Hugoware

The product of a web developer with a little too much caffeine

Archive for July 22nd, 2009

Dude, For Real — Encrypt Your Web.Config

with 5 comments

After I released my web.config encryption utility I expected the world to transform into a Utopia of protected web.config files and happy developers. However, shortly after the tool was released I actually received some disagreement about the usefulness of web.config encryption.

Based on some other comments I received I got to thinking — I not sure that some people realize how possible it is to lose a web.config from a simple programming mistake.

But The Web.Config Is Safe — Right?

Sure, your web.config is safe by normal means. Just try it – find an ASP.NET website and just try to browse to their web.config file — See! it’s safe!!

True, your web.config is safe – but what about a programming mistake? Those never happen, do they? Are you sure?

One of my favorite examples is the file download. Sometimes we want to serve up content as if it is a download instead of showing it in the browser. That said, here is an ASP.NET MVC example of why you ought to go on ahead and encrypt that web.config file just to be on the safe side.

//MVC Action to download the correct file From our Content directory
public ActionResult GetFile(string name) {
    string path = this.Server.MapPath("~/Content/" + name);
    byte[] file = System.IO.File.ReadAllBytes(path);
    return this.File(file, "html/text");            
}

Seems reasonable enough – Other than error handling, do you see anything that looks out of place with this code? We map to the correct directory, we get the bytes for our file and return them to the visitor — You can even try it out.

/Home/GetFile?name=File.txt
bug-1

Cool, see how our file downloaded – Works great! But let’s be a little sneaky and play with the URL at the top. How about we do something like…

/Home/GetFile?name=../web.config

bug-2

Did you just get a sudden feeling of dread? Did you just shout ‘Oh Snap!’ loud enough that all your peers are staring at you? What do you suppose is in this file we just downloaded? I’ll give you three guesses, but I’m taking two of them away…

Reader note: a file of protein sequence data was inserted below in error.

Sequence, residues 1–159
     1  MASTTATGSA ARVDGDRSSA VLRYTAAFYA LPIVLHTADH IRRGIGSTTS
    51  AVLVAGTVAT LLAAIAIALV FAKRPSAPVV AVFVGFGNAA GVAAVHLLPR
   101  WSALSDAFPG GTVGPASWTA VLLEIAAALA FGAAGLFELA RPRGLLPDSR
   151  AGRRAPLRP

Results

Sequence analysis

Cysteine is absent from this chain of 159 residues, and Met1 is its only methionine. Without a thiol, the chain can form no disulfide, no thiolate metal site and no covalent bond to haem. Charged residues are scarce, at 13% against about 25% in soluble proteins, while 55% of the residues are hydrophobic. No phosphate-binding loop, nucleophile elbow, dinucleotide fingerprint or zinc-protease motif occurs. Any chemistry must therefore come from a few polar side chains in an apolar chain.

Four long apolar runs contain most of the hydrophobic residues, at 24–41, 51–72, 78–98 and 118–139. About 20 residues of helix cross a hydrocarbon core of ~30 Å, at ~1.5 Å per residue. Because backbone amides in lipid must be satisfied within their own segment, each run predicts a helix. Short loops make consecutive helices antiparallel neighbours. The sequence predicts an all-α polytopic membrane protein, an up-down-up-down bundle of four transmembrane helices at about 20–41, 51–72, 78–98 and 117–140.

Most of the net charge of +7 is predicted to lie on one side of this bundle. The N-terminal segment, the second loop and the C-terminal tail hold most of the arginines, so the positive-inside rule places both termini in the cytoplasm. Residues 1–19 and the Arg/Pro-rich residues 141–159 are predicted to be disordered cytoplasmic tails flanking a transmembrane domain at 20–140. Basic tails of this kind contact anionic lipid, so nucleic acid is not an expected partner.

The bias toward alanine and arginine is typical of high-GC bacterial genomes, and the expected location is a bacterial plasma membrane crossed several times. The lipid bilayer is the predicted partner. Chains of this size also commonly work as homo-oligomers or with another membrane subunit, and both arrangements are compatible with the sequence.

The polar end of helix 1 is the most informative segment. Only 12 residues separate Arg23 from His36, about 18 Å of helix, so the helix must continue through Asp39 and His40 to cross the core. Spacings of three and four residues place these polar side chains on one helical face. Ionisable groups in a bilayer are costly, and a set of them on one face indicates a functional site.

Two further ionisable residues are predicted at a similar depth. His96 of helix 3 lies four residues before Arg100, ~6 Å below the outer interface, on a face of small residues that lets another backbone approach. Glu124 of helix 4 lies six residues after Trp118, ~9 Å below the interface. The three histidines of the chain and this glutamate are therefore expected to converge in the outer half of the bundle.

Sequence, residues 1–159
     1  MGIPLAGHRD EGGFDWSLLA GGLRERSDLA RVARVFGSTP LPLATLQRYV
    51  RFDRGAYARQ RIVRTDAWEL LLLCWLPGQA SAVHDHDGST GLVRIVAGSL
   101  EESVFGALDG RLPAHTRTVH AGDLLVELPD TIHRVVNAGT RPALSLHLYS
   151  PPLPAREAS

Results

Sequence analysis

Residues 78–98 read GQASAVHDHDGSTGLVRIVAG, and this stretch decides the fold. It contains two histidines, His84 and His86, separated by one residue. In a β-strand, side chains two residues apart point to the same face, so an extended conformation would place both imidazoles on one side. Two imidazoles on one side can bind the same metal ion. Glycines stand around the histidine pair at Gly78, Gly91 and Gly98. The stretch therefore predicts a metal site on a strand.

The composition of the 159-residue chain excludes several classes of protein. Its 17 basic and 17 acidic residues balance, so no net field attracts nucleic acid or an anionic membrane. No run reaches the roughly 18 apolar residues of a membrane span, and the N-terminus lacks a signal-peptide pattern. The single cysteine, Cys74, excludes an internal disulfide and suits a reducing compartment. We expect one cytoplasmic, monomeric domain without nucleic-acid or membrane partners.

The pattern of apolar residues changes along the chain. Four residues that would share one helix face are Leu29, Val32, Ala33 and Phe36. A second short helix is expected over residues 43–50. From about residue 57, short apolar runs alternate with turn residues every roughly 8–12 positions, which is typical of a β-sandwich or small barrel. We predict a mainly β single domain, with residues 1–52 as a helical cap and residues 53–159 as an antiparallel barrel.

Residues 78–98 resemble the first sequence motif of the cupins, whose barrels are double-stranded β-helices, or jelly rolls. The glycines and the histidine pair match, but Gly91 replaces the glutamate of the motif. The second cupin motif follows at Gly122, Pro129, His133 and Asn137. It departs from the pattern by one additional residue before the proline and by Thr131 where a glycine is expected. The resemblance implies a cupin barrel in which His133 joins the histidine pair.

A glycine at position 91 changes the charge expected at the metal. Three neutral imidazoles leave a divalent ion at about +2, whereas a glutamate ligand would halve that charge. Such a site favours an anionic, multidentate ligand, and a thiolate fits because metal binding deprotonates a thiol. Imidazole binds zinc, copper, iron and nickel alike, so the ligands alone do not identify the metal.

bug-3

It’s not hard to miss something — after all that’s why it’s a bug, because if we thought of it then it wouldn’t be there to begin with. Web.config encryption == cheap insurance.

Prying Eyes

I got this comment the other day and it was absolutely brilliant — Rob Thijssen wrote…

Encrypting configs in enterprise applications is definitely worth the time. Many companies allow contractors access to source code repositories that contain unencrypted configs that contain credentials which can be used to gain access to sensitive information. I have seen implementations where credentials were available to hundreds of developers that could give any one of them access to thousands of credit card details…

And he’s absolutely right. Do you want just anyone passing through the directory to have access to read the sensitive data inside your web.config? Just because they didn’t have hack into your server doesn’t mean they need to be reading the passwords to your SQL servers.

Dude, For Real — Just Do It

Web.config encryption only takes a couple moments and provides much more security than a clear-text file. It may not be enough to thwart a hacker that has full access to your entire server, but if you ever have that ‘uh oh — someone just downloaded my web.config’ moment, then at least you know you’re covered.